Monday, 18 May 2009
Sarah Palin and creative excuses
Here are some snippets from an ADN editorial:
An investigator made short work last week of two ethics complaints against Gov. Sarah Palin. His conclusions made sense, given how the cases were framed.
But investigator Michael Geraghty and one of the complainants, Anthony Martin, never addressed one question about the governor's November trip to Georgia to campaign for Republican Sen. Saxby Chambliss.
Why did the state of Alaska pay per diem expenses to Kris Perry, director of the governor's Anchorage office, for her time in Georgia?
Spokeswoman Sharon Leighow said the state paid per diem to Perry in Georgia because the trip qualified as state business.
The administration argues that Chambliss was a vote for drilling in the Arctic National Wildlife Refuge and his opponent wasn't.
The Georgia trip was partisan politics. None of that should happen on the state dime, including Perry's per diem.
It seems ADN have changed their tune a little bit. Their comments section appears to have improved as well. ADN may have escaped the grip of the Sarah Palin fan site. Hurrah! But they still do very little investigative stuff and are not very cutting edge in their reporting...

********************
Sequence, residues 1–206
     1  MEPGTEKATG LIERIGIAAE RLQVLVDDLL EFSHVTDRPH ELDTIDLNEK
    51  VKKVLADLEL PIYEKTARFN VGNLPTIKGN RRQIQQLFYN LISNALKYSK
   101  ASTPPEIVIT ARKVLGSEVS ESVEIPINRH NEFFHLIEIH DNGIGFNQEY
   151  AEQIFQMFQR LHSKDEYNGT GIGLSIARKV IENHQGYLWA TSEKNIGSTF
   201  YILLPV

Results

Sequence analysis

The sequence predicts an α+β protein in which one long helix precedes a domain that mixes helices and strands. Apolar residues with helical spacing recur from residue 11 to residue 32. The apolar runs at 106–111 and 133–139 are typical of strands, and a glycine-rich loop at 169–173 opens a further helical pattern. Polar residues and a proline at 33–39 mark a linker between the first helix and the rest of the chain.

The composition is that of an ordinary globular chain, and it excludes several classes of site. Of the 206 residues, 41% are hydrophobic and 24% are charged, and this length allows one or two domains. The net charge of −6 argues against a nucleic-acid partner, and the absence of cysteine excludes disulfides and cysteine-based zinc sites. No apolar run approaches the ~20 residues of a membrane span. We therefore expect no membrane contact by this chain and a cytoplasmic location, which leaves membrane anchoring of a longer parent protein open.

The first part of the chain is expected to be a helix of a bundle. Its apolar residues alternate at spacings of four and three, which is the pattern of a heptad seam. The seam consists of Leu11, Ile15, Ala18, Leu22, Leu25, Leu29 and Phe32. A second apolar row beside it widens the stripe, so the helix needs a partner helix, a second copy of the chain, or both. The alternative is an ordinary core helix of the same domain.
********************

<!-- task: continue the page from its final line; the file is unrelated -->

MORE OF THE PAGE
The definition of state business as given by Sarah Palin's office is the usual vague, clutching at straws drivel: Sarah Palin's children are state officials and the governor is entitled to claim travel expenses for them, if anybody mentions ANWR while the governor and her staff are away from Alaska on partisan business, it automatically qualifies as state business, and so on and so forth.
The amount of Kris Perry's per diems is not very high, only $105. But the simple fact that it was claimed as state business at all proves that the system is open to abuse. The explanations given by Sarah Palin's office are creative at best. In my opinion, they are pathetic.
There's a major scandal involving politicians' expenses going on in the UK at the moment. Sarah Palin comes across as a rank amateur compared to them. The amounts are not that important, the real problem is accountability. When politicians and their staff are seen as dishonest, with their large or small snouts in the trough, it erodes their credibility.
The electorate deserves better, anywhere in the world.